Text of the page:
LOUISVILLE, KY (WAVE) - As the nation tries to recover from the economic
downturn, women are right there helping lead the charge.
According to business magazine Forbes, small business owners who are
women are creating new jobs at a rate that outdistances their male
Female business owner Tierra Kavanaugh Turner has seen the Louisville job
market picking up.
"We're really beginning to see a lot moving within manufacturing,
education, naturally health care," Kavanaugh Turner said.
She would know. As CEO of TKT & Associates, it's her business to
make sure businesses have the tools they need to run: staffing, human resources
and recruiting. Her specialty is making sure companies give a chance to workers
who traditionally may not have had workforce advantages.
"We work with organizations to assist them in utilizing more minority
and women-owned businesses in their procurement," she said.
That's where she's seeing a difference in today's economic climate: more
female-owned businesses and more women helping one another.
"We can all relate to coming in for an 8:00 meeting, really and truly
our households are still on our brains because we're just getting our kids out
the door. Just wasn't the easiest this morning, but we sit down, we smile and
we're ready for the day," Kavanaugh Turner said.
There are still challenges. The Institute for Women's Policy Research
released findings that the wage gap between women and men is growing. Kavanaugh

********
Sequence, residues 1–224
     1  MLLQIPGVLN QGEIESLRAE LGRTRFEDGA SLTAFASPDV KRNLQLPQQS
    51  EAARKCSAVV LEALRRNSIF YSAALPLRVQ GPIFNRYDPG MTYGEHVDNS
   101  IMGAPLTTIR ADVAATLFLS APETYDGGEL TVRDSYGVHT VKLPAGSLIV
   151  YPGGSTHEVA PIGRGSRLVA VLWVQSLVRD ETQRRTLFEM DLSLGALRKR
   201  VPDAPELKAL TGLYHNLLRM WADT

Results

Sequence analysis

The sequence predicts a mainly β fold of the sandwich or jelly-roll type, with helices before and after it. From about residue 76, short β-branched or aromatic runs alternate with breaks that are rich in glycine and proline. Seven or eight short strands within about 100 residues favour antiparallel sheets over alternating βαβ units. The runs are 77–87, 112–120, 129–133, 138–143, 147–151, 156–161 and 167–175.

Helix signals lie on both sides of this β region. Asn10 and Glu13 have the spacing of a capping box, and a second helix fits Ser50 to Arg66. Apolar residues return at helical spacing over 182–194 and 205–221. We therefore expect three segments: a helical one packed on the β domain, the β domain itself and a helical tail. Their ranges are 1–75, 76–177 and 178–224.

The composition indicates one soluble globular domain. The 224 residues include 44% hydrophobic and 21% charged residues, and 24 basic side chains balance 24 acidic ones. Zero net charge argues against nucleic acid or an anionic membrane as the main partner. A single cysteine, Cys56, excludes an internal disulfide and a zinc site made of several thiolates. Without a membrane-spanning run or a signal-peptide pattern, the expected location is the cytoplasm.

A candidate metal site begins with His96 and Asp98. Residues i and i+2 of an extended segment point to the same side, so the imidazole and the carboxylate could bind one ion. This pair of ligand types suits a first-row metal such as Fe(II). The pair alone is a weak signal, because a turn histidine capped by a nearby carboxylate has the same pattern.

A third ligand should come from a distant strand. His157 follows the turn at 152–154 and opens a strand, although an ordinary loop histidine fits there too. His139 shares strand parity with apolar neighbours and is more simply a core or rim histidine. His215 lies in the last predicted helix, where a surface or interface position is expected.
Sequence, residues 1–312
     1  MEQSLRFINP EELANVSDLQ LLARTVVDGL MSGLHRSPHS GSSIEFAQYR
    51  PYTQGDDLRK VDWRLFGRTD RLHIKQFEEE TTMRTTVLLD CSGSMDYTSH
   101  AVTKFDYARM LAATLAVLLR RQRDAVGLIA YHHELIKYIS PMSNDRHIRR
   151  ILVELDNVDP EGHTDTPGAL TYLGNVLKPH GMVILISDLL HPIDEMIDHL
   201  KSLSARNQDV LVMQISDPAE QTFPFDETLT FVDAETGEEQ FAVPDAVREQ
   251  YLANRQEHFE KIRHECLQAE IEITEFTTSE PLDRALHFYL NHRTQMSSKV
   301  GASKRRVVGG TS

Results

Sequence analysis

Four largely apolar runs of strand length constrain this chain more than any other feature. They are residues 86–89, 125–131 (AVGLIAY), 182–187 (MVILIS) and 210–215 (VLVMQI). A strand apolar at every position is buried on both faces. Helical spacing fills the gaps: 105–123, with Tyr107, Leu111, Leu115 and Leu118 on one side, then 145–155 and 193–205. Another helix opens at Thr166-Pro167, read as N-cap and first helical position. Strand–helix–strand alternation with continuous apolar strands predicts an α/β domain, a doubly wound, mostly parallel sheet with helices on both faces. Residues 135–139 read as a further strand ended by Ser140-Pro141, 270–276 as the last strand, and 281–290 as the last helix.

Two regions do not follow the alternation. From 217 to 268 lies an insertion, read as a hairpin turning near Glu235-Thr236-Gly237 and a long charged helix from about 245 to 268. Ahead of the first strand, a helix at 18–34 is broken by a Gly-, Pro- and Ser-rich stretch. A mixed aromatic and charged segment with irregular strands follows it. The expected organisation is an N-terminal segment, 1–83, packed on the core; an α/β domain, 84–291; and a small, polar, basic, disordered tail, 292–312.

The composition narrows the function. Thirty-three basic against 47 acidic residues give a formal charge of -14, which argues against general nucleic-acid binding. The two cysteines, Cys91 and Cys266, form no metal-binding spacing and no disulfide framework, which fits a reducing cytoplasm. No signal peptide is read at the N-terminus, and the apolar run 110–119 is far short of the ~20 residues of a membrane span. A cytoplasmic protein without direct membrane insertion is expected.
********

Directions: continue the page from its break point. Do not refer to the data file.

Turner sees that as well.
"We know what our clients are willing to pay and so many times we have
top, female candidates that will almost come in 20-to 25-thousand dollars less,"
she said. "So it's really upon women to understand what they're
worth, to demand it, to require it and learn how to negotiate it."
Wednesday, July 30 2014 9:12 PM EDT2014-07-31 01:12:13 GMT
The tattoo has not previously been seen widely by the public because cameras are not allowed inside Indiana courtrooms. The Indiana Office of the Courts released the photo on July 30 as part of evidence logged in by police and presented to the court by the Floyd County Prosecutor's Office.More >>
The tattoo has not previously been seen widely by the public because cameras are not allowed inside Indiana courtrooms. The Indiana Office of the Courts released the photo on July 30 as part of evidence logged in by police and presented to the court by the Floyd County Prosecutor's Office.